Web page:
Israel’s Defense Minister Benny Gantz flew to the United States in the wake of the war in Gaza. It was June 2 and Gantz left just as a new coalition government was in the process of being formed to oust Prime Minister Benjamin Netanyahu. The chaos in Jerusalem with potential ministries changing hands was less important than shoring up Israel’s reserves of Iron Dome interceptors needed to confront rockets fired by Hamas, Hezbollah or other Iranian-backed groups. Gantz was going to the United States to seek up to $1 billion in emergency military financing.
Meanwhile, Israeli defense companies were looking east for new opportunities. The two issues are connected because while Israel has some of the most advanced defense technology in the world, including the Iron Dome system, the country’s links to the United States and U.S. companies is as essential as its continued role in knitting itself into the defensive security relationships that stretch from India to Australia.
On May 24 Israel’s Ministry of Defense said that “the scope of Israel’s defense export contracts in 2020 reached $8.3 billion.” This is the second-highest sales Israel has seen. The Ministry says it indicates a 15 percent increase in the number of agreements signed, in comparison to the previous year. “Israeli industries, both small and large, have proved that they are among the world’s leading companies, both in quality and in technological advance—even during a year of global crisis. During the past year, we have worked intensively to deepen government agreements and cooperation with our partners around the world, and we will continue to do so. Israel has new markets and significant opportunities for development that will contribute and inject billions into the local economy, bring new jobs, and contribute to Israel’s security,” said Gantz.
Throughout the year 2020, the Directorate of International Defense Cooperation (SIBAT), in the Israel Ministry of Defense, has assisted and supported Israeli defense industries in signing dozens of significant agreements with partners, says the Ministry of Defense. Around 44 percent of the exports are to Asia and the Pacific. Globally, Israel is a leader in radars and electronic warfare, as well as avionics, optics and unmanned aircraft. This also includes things like using artificial intelligence on numerous platforms and driving surveillance with automatic target recognition.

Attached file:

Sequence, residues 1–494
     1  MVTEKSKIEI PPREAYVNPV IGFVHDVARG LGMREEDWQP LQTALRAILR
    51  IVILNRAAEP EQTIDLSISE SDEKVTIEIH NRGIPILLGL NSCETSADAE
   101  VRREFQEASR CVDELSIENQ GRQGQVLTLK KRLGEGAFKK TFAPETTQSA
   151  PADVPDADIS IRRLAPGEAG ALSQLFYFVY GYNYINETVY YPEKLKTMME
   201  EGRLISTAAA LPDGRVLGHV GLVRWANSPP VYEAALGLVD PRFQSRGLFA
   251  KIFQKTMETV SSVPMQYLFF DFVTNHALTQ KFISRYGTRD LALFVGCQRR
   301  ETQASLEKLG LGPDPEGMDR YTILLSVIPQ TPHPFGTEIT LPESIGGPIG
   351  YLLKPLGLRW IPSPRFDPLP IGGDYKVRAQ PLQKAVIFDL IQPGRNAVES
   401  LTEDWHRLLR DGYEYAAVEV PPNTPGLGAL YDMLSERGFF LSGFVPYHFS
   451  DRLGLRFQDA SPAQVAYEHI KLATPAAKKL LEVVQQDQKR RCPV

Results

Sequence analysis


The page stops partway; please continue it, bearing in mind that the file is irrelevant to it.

“An increase in defense exports at the height of the global pandemic is a significant achievement,” said the head of SIBAT, Brig. Gen. (Res.), Yair Kulas. “It is attributed first and foremost to the excellence of Israel’s defense industries and to their expertise—a result of their intimate understanding of military needs through the IDF.”
In the wake of the Ministry’s announcement, Israel Aerospace Industries, said that it had confirmed its interest in cooperating with NIOA’s Australian Missile Corporation “to fulfill the Australian government’s vision of developing sovereign Australian defence capabilities.” IAI is one of Israel’s three large defense companies and is an expert in unmanned aircraft and avionics. It also owns Elta which makes the Iron Dome radar. Robert Nioa, CEO of NIOA and the Australian Missile Corporation said that IAI is critical to the success of the Commonwealth’s sovereign guided weapons enterprise. “We welcome any opportunity to bring leading technologies to Australia to enhance the capability of the Australian Defence Force.” IAI has been seeking increased opportunities down under. “IAI brings state of the art capabilities, technological excellence and knowhow, and vast combat-proven experience, accumulated over many years. We are happy to join hands with NOIA in establishing sovereign Australian defence capabilities,” said Boaz Levy, IAI’s President CEO.
In late May IAI also did a briefing to discuss its inroads in Australia. Oded Sheshinski, Managing Director of IAI Australia spoke along with Tzvika Yaron, of the Land Division of IAI. They said IAI wants to deepen its role with Australian companies. IAI has a lot to offer and is pitching the experience that it has gained supplying systems that are relevant to the IDF and other militaries. This relates to using sensors and technology to find enemies embedded in urban environments. Much of this kind of technology applies to the counter-terrorism battlefield or the asymmetric wars that are against non-state actors, like ISIS or Hezbollah. This also includes what Israel and others increasingly refer to as a “multi-dimensional approach” to war, which includes a lot more autonomous systems.